poetry, know them well, and thereby correct the course of one's mind. To endeavor to understand by
submitting in this way can be called striving after makoto.
Some disciples do not unify their mind with the course of the Master's. Instead they find pleasure
in their conception of his path and delight in being considered his disciple. But they only follow their own
path. Disciples must strive to rectify themselves thoroughly.
3. Being detached from the self [NKBZ 547-548]
The Master said, "Learn of the pine from the pine, learn of the bamboo from the bamboo." In
other words, one must become detached from the self.
If one understands this idea of "learning" in one's own way, the result will be no learning at all.
"To learn" means to enter into the object and to feel the subtlety that is revealed there; then the poem
grows. For example, no matter how clearly one represents an object, if the poem lacks the feeling that
arises naturally out of the object, the self and the object would form a duality and the feeling would not
have attained makoto. The poetic meaning would have come from the self.
Disciples simply should strive ceaselessly to realize the Master's mind, thus elevating their own
mind, and then returning to what is at hand, pursue haikai. If they seek the Master's mind relentlessly,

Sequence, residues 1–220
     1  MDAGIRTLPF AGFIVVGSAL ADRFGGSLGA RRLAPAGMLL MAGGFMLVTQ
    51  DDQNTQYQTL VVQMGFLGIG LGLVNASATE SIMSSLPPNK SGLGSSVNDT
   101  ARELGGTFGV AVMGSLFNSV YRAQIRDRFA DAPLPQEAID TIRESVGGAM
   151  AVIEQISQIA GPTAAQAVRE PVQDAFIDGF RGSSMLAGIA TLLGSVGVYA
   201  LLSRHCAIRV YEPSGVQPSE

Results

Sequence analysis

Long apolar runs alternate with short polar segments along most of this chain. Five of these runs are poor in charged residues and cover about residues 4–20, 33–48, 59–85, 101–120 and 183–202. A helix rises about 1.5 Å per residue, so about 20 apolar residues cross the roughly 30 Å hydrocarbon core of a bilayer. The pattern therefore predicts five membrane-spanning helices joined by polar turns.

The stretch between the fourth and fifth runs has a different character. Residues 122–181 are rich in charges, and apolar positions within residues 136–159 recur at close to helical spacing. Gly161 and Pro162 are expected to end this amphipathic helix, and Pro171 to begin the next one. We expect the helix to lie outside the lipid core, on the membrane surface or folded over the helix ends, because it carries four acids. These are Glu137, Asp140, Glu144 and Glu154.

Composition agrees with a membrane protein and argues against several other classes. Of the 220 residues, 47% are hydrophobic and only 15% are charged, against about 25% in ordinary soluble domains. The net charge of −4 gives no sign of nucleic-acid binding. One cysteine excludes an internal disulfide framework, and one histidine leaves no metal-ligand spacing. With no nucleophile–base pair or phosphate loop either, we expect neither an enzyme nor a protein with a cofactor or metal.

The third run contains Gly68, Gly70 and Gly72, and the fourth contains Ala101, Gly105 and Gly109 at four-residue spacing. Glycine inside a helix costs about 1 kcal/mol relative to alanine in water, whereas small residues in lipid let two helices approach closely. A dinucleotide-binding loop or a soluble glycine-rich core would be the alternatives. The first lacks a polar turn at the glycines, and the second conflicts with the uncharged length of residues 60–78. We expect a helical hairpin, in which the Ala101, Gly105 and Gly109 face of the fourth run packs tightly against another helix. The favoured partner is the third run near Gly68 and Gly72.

their own mind will become tinged with its hue and scent. But if they do not probe in this way, their
seeking inevitably will be contaminated by the self. Those who pursue the Master's mind by probing and
searching in the end will be on the path to detachment from the self. Simply probe and search
unswervingly. Make this the main task. It is called "foundation building," and it is the motto of the
followers of fûga.
4. The disease of the skilled [NKBZ 548-549]
There is a disease characteristic of the skilled artist. In the Master's words, "haikai should be
entrusted to the very young" and "it is the poetry of those with a beginner's mind that is most
trustworthy." He often made comments such as this, and would point out all the maladies of the skilled.
Upon entering the inner life of an object’s makoto, one can either cultivate the spirit or kill it. If
one kills the creative energy, the poem cannot move with the spirit. The Master said, "haikai should move
with the spirit," and "if the rhythm is bad, the harmony will be spoiled." In this way the spirit is disrupted
and killed.
In addition, sometimes the Master even said "in making a poem it may be good to coax the
spirit." This is an injunction to cultivate it by beguiling it back to life.
Skilled disciples can lapse into bad habits, fostering a self which desires to make only excellent
poems. Their discriminating minds then shut the gate to free expression, and they grow weary in their
deliberations. In this condition, they are oblivious to the spirit, and their minds are foolish.
In another book on haikai, the Master is reported to have said, "a person who has attained mastery
in another art can penetrate into haikai more swiftly than someone who has been devoted to it for many